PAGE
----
CHICAGO, (Illinois News Network) -- A group of 10 campaign workers who sued Democratic candidate for Illinois governor J.B. Pritzker over racial discrimination accusations in the political operation spoke out Monday in response to claims that they’re only after the billionaire's money.
In the lawsuit, current and former campaign workers said that Pritzker’s campaign deliberately put minorities in dangerous offices and denied them promotions. The workers said they weren't taken seriously by campaign leaders until they filed the lawsuit.
“When career campaign workers from Selma, Alabama, come to Chicago and say they have experienced racism, you believe them,” Jeanette Samuels, one of the attorneys representing the workers, said at a news conference Monday in Chicago.
Civil rights attorney Shay T. Allen said his clients wouldn’t delve into the specifics of the discrimination claims in the lawsuit, but he said they felt compelled to speak out after criticism. Allen said there has been an effort to “smear these people's’ reputations.”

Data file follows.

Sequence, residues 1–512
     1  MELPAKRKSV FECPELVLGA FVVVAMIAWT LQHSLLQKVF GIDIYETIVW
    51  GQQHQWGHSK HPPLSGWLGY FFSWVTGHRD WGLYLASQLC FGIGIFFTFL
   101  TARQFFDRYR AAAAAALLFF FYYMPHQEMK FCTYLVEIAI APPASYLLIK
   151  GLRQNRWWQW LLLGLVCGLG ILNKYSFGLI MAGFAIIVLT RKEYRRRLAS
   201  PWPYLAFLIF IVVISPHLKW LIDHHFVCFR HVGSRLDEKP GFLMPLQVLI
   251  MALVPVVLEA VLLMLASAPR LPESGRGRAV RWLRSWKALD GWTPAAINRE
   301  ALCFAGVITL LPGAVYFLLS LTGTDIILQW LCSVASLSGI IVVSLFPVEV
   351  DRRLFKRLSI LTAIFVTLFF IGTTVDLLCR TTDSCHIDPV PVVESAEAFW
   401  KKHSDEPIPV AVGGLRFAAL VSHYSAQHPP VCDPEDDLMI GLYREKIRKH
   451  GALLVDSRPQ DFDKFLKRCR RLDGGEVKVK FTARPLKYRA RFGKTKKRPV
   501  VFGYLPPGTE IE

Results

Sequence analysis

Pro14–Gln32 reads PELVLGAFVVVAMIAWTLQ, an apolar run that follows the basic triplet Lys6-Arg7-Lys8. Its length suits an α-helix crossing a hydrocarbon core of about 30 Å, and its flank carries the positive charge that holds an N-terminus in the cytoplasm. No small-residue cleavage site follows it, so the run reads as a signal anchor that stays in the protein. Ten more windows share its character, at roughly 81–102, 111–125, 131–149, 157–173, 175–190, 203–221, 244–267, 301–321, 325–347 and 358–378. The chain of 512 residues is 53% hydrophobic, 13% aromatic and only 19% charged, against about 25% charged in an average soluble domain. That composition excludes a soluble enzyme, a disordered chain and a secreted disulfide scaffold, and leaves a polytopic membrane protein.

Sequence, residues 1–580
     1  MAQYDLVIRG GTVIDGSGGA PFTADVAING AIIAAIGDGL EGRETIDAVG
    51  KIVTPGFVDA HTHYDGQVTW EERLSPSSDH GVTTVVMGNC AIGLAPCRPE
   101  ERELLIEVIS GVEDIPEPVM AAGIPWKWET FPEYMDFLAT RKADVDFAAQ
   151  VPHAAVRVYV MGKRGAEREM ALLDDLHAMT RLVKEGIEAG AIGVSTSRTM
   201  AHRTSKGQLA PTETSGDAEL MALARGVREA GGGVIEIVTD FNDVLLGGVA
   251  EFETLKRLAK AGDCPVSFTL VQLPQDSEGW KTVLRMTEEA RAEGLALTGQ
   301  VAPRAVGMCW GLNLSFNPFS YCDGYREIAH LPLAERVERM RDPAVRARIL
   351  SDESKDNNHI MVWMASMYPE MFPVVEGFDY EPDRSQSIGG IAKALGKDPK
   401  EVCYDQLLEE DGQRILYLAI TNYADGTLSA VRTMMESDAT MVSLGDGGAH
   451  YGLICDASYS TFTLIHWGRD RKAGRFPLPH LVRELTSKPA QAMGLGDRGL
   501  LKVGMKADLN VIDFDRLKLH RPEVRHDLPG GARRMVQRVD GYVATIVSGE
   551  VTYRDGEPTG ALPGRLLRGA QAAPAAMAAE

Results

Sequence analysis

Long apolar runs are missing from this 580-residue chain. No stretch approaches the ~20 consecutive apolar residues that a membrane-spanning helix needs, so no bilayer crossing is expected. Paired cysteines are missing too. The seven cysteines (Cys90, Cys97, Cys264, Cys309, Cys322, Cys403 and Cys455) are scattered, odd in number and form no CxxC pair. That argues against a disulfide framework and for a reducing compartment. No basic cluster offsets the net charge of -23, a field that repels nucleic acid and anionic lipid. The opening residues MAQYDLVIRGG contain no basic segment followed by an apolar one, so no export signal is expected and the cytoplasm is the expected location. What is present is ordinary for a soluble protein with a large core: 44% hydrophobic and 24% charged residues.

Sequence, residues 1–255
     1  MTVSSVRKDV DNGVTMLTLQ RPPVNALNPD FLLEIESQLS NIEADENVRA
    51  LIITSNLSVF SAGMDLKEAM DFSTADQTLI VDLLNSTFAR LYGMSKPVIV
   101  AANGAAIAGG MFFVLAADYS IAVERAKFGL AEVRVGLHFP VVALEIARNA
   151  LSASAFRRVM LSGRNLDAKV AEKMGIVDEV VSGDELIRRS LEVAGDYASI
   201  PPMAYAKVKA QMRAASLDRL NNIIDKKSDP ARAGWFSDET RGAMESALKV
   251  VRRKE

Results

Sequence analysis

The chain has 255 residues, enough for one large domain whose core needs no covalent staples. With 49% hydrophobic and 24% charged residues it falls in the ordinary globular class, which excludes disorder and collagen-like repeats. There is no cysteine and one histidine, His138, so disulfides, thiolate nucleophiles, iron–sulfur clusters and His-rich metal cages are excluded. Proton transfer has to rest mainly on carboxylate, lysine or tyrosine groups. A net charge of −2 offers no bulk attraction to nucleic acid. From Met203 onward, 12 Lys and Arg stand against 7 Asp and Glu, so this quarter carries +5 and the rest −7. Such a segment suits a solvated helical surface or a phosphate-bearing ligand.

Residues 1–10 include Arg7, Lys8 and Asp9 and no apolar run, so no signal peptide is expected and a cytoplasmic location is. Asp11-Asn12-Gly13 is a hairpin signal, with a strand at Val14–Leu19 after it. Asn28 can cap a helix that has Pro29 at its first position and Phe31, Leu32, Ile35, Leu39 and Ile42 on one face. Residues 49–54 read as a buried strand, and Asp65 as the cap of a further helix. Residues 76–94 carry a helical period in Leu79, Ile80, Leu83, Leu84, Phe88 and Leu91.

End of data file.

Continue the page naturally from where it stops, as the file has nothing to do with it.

Plaintiff Maxwell Little said the campaign knew about the complaints, but didn’t do anything about it until the lawsuit was filed.
“We were ignored, silenced, intimidated, and forced to endure their abuse of power,” he said. “We’ve made it our civic duty to not only speak up for ourselves, but for the people across the state and this nation who experienced the deepening crisis of discrimination and harassment in their work environment.”
Former campaign staffer Kayla Hogan said she went to Pritzker after she heard him using racially insensitive language with now-imprisoned former Gov. Rod Blagojevich on leaked FBI wiretaps. She said she spoke with Pritzker to warn him about discrimination in the campaign. She said she was let go soon after.
“He promised me to address it and I was laid off,” she said.
Pritzker’s campaign did not respond to requests for comment. Pritzker himself has said the allegations are untrue.
Pritzker’s running mate, Juliana Stratton, said the campaign was given 24 hours to give the group more than $7 million or face a lawsuit. The plaintiffs produced documents showing a letter was sent Friday with a demand for a response by Monday. The lawsuit was filled 11 days after the letter was sent.
No initial court date has been set in the lawsuit, which was filed last week in Chicago.
-INN contributed the video in this story.